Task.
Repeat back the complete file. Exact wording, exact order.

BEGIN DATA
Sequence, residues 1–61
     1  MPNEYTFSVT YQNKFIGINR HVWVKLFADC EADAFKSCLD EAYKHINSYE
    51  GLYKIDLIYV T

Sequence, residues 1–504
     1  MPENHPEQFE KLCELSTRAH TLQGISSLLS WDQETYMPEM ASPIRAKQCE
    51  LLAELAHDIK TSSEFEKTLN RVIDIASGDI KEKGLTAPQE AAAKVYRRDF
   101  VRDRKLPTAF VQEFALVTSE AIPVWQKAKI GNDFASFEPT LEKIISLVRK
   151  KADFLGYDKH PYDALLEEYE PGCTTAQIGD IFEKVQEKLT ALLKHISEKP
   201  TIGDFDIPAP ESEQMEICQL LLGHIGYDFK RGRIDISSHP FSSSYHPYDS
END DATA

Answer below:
Sequence, residues 1–61
     1  MPNEYTFSVT YQNKFIGINR HVWVKLFADC EADAFKSCLD EAYKHINSYE
    51  GLYKIDLIYV T

Sequence, residues 1–504
     1  MPENHPEQFE KLCELSTRAH TLQGISSLLS WDQETYMPEM ASPIRAKQCE
    51  LLAELAHDIK TSSEFEKTLN RVIDIASGDI KEKGLTAPQE AAAKVYRRDF
   101  VRDRKLPTAF VQEFALVTSE AIPVWQKAKI GNDFASFEPT LEKIISLVRK
   151  KADFLGYDKH PYDALLEEYE PGCTTAQIGD IFEKVQEKLT ALLKHISEKP
   201  TIGDFDIPAP ESEQMEICQL LLGHIGYDFK RGRIDISSHP FSSSYHPYDS